Phosphate In Sausages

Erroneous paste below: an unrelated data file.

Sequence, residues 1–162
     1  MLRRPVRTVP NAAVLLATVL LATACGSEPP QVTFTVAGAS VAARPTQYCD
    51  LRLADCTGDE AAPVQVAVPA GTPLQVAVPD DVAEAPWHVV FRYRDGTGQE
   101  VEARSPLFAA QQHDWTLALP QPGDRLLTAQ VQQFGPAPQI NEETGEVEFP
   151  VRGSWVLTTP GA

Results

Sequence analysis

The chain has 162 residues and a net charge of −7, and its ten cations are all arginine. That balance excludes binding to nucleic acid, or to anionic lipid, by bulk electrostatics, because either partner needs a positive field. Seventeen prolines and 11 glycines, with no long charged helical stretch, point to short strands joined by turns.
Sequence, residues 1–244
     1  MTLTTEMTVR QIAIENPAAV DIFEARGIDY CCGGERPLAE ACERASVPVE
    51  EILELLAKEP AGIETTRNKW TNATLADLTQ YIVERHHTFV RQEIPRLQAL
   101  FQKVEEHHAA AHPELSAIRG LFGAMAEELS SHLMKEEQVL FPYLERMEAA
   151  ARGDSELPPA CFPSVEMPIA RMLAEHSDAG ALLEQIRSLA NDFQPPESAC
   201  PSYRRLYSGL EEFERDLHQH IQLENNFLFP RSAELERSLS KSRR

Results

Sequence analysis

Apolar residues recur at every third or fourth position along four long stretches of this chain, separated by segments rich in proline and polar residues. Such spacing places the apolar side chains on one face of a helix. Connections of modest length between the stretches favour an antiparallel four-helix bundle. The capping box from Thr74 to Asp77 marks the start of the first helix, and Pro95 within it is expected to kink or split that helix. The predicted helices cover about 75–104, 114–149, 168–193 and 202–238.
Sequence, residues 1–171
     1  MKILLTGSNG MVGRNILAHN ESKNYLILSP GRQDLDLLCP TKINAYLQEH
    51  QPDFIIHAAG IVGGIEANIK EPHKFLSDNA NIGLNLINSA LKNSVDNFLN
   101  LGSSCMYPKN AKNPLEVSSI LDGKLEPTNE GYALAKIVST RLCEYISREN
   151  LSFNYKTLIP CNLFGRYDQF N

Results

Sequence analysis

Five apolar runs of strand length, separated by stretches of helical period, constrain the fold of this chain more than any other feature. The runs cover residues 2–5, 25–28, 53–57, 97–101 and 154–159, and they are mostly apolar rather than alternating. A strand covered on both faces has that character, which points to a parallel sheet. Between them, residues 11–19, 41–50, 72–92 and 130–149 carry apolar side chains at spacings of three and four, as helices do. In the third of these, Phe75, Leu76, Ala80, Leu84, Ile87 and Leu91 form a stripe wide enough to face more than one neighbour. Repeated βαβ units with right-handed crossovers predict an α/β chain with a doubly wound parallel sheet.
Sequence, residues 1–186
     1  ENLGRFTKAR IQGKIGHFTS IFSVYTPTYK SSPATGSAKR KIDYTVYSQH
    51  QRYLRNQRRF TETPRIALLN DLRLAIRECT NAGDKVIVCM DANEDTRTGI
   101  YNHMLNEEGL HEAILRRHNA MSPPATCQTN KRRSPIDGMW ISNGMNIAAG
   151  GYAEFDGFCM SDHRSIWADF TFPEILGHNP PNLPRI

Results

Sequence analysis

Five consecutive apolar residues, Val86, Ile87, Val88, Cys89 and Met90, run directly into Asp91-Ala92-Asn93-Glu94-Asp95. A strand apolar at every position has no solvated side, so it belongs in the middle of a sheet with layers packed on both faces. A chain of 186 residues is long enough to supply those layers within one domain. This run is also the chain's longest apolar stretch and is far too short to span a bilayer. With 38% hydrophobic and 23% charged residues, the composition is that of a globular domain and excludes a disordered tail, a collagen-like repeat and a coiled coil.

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Abstract Phosphates have wide application in the meat processing industry. They increase the water binding capacity of raw and cooked meats to reduce the shrinkage and purge of comminuted products such as cooked sausages that undergo intense heat processing before packaging. Phosphates used in meat curing also improves/stabilizes the color and flavor of cooked meat products by preventing to a large extent color deterioration of the cured meat product. Sausages that are comminuted and subjected to phosphate curing are called emulsion-type sausages. The addition of phosphates to the sausage ‘batter’ reduces the cooking loss and purge loss that help to diminish the quality of the sausage as it is being processed for packaging or cooked for consumption. The most commonly used phosphate in sausage production is sodium tripolyphosphate; however, a combination of other phosphate salt mixtures have been employed in sausage production and have shown to have varying impact on the texture and moisture of sausages. This paper outlines the regulations that govern phosphate curing in meats and explores the chemistry and effects of phosphate curing in the production sausages. Introduction Phosphorus is an essential mineral, with an important role in carbohydrate, fat and protein metabolism and in bone re-modelling. It is widely present in food, largely as the phosphate ion (PO43-) (Fennema, 1996). Phosphorus (found in phosphates) is found naturally in the human body, animals and plants

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